“Why would they be jealous?” He asks. “I’m there, am I not?”

Outside, the earth is starting to boil from the heat.

In the valley, you reach a dead-end. Shrubs and branches scratch the car as the driver reverses. You try another road, up a hill, down a dry shrubby hill where you amble upon a man in a grey blazer and sneakers, standing between two women, his wives, you later learn. He’s holding a walking stick in one hand and a phone that is also a radio in the other. He’s got a weathered face and a set of small, suspicious, dark eyes that miss nothing. His women are in beads and shukas. The gentleman and your guy converse in rapid Maa. The man is the type accustomed to being waited upon to make a decision. “He’s a light boy?” He inquires. One of us in the car says, “yes, he is a light boy.”
He says there are two boys with that family name. The first one isn’t light but the second one lives down that road; take a left, drive right at the edge of the valley, it’s the manyatta at the end of that path.

The women remain silent.

Off we go again, down the shrubby hill. Past carcasses of trees, past trees with dusty leaves. We drive at the edge of the path, under patches of shadows cast by trees. We finally get to a humble boma. A cluster of people in shukas stare at our arrival. This is not a place accustomed to vehicles and strangers. There are cows. A goat turns to look at you. You look at it. It looks away, disinterested.

You wander away as the rest confer. You pee against a fence. If you are a lady you don’t pee against the tree. You just hold it inside. Like stifling a yawn. As you walk back you see two chairs in a state of despair behind a house. The chairs look intimate, like they had been conferring and you suddenly interrupted.

The boy no longer lives there, you learn. He moved elsewhere with his mother. You all bundle in cars and off you go again, all the way to the main road that is over an hour and a half away then head towards Nairobi, where after 40 mins, you get off the road onto dry, flat land without any life. When you run into two Maasai girls with colourful shukas flapping in the wind you stop and ask them about the light boy. They know of no light boy. You are frustrated, but the ladies from The School say it’s normal. “We can look for these kids for a whole day.”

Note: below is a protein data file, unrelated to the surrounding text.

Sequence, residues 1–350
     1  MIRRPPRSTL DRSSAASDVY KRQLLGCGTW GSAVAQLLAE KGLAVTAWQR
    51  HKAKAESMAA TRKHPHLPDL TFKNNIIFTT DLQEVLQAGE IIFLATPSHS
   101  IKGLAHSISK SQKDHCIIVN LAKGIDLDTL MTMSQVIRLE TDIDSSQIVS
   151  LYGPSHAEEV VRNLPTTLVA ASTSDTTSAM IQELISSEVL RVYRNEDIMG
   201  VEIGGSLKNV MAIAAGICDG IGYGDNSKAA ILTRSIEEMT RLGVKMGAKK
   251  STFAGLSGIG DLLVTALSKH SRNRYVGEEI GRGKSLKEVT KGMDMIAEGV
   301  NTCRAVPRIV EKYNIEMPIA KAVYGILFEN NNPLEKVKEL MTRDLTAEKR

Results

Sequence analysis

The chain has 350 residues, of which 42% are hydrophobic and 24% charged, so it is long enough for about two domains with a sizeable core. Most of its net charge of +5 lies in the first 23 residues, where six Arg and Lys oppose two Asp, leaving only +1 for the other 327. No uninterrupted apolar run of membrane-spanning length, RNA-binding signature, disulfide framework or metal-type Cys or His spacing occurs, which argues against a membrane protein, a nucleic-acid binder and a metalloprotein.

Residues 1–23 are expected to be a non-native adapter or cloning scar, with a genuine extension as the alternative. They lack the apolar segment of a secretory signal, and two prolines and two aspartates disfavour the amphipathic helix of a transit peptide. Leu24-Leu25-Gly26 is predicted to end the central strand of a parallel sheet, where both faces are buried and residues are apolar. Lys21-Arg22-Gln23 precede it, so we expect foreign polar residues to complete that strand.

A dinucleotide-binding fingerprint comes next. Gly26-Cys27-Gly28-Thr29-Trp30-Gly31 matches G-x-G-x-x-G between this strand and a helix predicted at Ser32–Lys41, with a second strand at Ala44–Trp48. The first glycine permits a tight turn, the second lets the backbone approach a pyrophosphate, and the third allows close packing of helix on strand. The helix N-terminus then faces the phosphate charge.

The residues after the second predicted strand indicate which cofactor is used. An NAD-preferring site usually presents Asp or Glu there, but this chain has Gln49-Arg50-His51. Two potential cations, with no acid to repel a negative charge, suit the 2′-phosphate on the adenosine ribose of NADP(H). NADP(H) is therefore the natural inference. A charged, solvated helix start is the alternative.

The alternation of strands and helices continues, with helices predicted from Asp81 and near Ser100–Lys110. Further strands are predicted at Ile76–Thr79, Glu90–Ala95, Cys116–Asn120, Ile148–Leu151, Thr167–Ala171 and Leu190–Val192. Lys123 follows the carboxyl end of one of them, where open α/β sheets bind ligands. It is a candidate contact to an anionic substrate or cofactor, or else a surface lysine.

Finally, after an hour, you find him.

Here is how you ended up there.

A few months ago this boy filled out a form from The School: Name, parents name if any, etc. He attached his birth certificate and his parents ID, if any. His parents filled sections of the form stating what they do, how much they own, what kind of structure they live in etc. This boy then answers some questions in the form; challenges he has gone through in his academic life, challenges in his community and how he solved them, what he has learnt in life, what his dreams are, what sport he likes. He then took the form to his headteacher who filled it, commenting on the child’s academic abilities, his family’s financial status, and his history in the school.

He then left that form at the nearest Mpesa shop or any UNHCR center where it was picked up, and then landed at The School along Mang’u road in Thika where a clutch of men and women went through his application and thousands of others, reading stories about domestic violence and abject poverty, sifting through these tales of woe and desperation to determine who is most needy. There are over 10,000 of these applications from all over the country and they only select 150. It’s not easy. “We don’t decide who gets in,” one tells you, “God decides.”

Their selection is then sent to another batch of people in a different room, who go through all of them and decide if they have met the criteria.

Once they have narrowed them down to a good number, they all go to these areas and they conduct interviews with these selected kids, to corroborate on what’s in the forms they filled. After a few weeks of deciding if the interviews reflected what was in the forms, they send a team to visit these kids in their homes to see if their situation is what they described.

And you will see quite a few of them. You will look for a girl for hours, through valleys and ridges, a river. You will ditch the vehicle and walk and you will find her in a small mudhouse, living with her mom, dad long fled. You will ask her questions, ask the mom questions and look into the mudhouse and you will be shocked at how a small, dark space like that can not only house humans, but can house many humans. It houses a family that has the love of the mother and in that very deplorable situation you will be surprised at the dreams this mother has for her daughter.